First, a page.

32. MATERIALS PURCHASE CONTROL
Materials Purchase is one of the important
functions of stores department. The basic
objectives of the material purchasing is to
ensure continuous supply of raw materials to
production and maximum reduction of cost
In other words, the chief aim of purchasing is
to ensure, not only to procure the raw
materials at the lowest price but to reduce the
cost of the finished product. In order to
achieve the above said objectives the
following aspects and procedure should be
33. Labor cost is the second important
element of cost production. Wages,
salaries and other forms of
remunerations represent a major portion
of the total cost of a product or
The growth and profitability of the
concern depends upon proper
utilization of human resources or
labour forces which in turn needs
proper accounting and control of
cost. Thus, control of labour cost is
a very significant issue from the
viewpoint of management
35. Any labour cost that is specially incurred for or can be readily
charged to or identified with a specific job, contract, work
order or any other unit of cost is termed as direct labour cost.
Wages for supervision, wages for foremen, wages for labours
who are actually engaged in operation or process are the
examples of direct labour cost.
DIRECT LABOUR COST:
36. Indirect labour is for work in general. The importance of the
distinction lies in the fact that whereas direct labour can be
identified with and charged to the job, indirect labour cannot be so
charged and has, therefore to be treated as part of the factory
overheads to be included in the cost of production.
INDIRECT LABOUR COST:
37. Control of labour cost is a significant influence on the growth,
profitability and cost of production. Labour cost may become
unduly high rate due to inefficiency of labour, ineffective
supervision, ideal time, unusual overtime work etc.
The primary objectives of the management therefore is to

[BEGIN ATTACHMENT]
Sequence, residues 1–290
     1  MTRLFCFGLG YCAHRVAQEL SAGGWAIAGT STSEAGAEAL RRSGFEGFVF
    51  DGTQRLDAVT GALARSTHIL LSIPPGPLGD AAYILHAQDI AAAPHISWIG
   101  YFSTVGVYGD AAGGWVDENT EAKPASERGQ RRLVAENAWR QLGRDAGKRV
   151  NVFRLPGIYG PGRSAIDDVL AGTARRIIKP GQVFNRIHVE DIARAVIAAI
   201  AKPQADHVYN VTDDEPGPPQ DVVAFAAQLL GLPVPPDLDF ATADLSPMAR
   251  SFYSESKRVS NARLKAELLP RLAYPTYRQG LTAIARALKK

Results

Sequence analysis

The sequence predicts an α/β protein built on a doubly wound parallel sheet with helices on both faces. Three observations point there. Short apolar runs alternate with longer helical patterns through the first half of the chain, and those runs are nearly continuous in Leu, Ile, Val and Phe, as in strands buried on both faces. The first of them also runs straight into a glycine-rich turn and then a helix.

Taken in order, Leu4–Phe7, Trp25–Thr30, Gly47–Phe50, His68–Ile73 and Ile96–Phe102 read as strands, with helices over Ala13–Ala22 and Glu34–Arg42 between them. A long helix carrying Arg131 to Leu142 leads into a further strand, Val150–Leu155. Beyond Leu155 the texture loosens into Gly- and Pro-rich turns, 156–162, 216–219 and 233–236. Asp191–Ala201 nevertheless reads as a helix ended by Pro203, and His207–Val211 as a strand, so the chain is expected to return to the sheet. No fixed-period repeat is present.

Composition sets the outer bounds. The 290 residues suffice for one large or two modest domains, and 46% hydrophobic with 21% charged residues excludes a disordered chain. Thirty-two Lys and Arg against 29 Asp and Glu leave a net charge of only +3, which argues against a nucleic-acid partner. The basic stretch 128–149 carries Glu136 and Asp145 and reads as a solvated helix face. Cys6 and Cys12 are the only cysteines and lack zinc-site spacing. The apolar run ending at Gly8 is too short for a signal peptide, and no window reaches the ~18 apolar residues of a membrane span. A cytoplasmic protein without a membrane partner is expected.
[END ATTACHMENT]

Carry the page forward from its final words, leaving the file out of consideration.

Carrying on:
efficiently utilize the labour as economically as possible.
CONTROL OF LABOUR COST
38. In order to achieve the effective utilization of manpower resources,
the management has to apply proper system of labour cost
The labour cost control may be determined on the basis of
establishment of standard of efficiency and comparison of actuals
TECHNIQUES OF LABOR COST
39. The management applies various techniques for the effective
control of labour costs as under:
(1) Scientific method of production planning.
(2) Use of labour budgets.
(3) Establishment of labour standards.
(4) Proper system of labour performance report.
(5) Effective system of job evaluation and job analysis.
(6) Devise a proper system of control over ideal time and unusual
(7) Establish a fair and equitable remuneration system.
(8) Effective cost accounting system
40. Indirect costs associated with employees, over and above gross
compensation or payroll costs. Typical costs associated with the
burden rate include payroll taxes, worker's compensation and
health insurance, paid time off, training and travel expenses,
vacation and sick leave, pension contributions and other benefits.
The burden rate provides a truer
picture of total labor costs than
payroll costs alone
42. It is an area of management concerned with overseeing,
designing, and controlling the process of production and
redesigning business operations in the production
of goods or services.
It involves the responsibility of ensuring that business operations
are efficient in terms of using as few resources as needed,
and effective in terms of meeting customer requirements
WHAT IS OPERATION MANAGEMENT
43. Forecasting helps managers and businesses develop meaningful
plans and reduce uncertainty of events in the future. Managers
want to match supply with demand; therefore, it is essential for
them to forecast how much space they need for supply to each
Two important aspects associated with forecasting are